Of late, what the Sri Lankan government has been calling ‘national interest’ has simply meant going against the interests of minorities. These decisions are contrary to Sri Lankan law and violate international human rights laws too, write PRIYANSH BHARADWAJ and SIDDHARTH CHATURVEDI.
IN the annual Freedom in the World Report for 2021 released in March, Sri Lanka, a Buddhist-majority country, is in the “Partly Free” category for the second consecutive year. There is a significant decline in minority rights over the last couple of years.
In 2019, a series of bomb blasts shook Sri Lankan towns and cities, including Colombo. The National Tawheed Jamath, a local Islamist group took responsibility for the attacks. Immediately, Emergency laws were introduced by Maithripala Sirisena, then President of Sri Lanka. Around 1,800 Muslims were arrested under these laws. A wave of insecurity and nationalism plagued the country.
In 2019, Gotabaya Rajapaksa came to power, by dint of portraying himself as a strong leader. A few months after the 2019 election, Sri Lankan intelligence officers started seeking details about the staff, programs, and funding of organisations that function in the Northern and Eastern parts of Sri Lanka. This can be seen as an attempt by the government to harass members of civil society.
In April 2021, the government outlawed 11 organisations on the ground of promoting extremism. These decisions are a blatant violation of Article 20 of the Universal Declaration of Human Rights, 1948, which says, “Everyone has the right to freedom of peaceful assembly and association.”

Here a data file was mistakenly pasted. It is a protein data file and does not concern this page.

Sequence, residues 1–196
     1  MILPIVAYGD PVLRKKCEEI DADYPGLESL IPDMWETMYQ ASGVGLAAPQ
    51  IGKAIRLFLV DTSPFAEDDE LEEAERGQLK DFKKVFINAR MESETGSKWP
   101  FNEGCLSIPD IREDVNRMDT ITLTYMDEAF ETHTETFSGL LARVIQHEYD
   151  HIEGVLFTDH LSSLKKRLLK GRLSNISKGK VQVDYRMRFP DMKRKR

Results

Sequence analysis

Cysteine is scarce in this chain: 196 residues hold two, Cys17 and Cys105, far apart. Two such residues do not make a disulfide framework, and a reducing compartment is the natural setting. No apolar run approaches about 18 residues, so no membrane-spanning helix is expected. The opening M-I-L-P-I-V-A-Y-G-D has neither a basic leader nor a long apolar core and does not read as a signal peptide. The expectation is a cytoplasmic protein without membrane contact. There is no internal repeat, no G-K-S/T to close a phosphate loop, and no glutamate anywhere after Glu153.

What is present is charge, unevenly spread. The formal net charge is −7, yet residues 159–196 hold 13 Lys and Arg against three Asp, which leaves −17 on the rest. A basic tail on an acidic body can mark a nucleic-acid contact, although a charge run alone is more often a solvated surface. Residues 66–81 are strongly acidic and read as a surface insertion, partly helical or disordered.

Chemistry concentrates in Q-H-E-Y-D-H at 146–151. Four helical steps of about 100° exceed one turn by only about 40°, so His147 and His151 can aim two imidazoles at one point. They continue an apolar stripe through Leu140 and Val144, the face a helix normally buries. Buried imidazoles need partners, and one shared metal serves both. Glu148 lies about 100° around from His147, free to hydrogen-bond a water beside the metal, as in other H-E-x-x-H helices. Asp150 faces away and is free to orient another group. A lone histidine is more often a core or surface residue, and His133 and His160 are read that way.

In March 2020, with the Covid-19 pandemic as the ruse, the government passed a law that no person who dies of a coronavirus infection would be allowed a burial. This violates the right to religion of Muslims and Christians. Article 18 of the UDHR says “everyone has the right to freedom of thought, conscience and religion.”
According to Islamic religious precepts, the burial of the dead is an essential religious practice that must be performed, as is the case among Christian communities. Therefore, the ban goes against the fundamental tenets of Islam. In March 2021, Adam Sarath Weerasekara, the public security minister, announced that the government had decided to ban veils that cover the face in the national interest.
Hijaab Hizbullah, a human rights lawyer in Sri Lanka was arrested in April last year under the Prevention of Terrorism Act. He was kept behind bars for six months without a trial. Similarly, on May 16, 2020, the Srilankan police arrested Ahnaf Jaseem on the charge of promoting “religious extremism” based on his poetry collection. Ahnaf is still languishing without trial in jail. Article 9 of the UDHR says “no one shall be subjected to arbitrary arrest, detention or exile.”
In March 2021, the government passed an order under the Prevention of Terrorism Act, according to which a person can be detained for two years without trial for disturbing “ religious, racial or communal harmony”.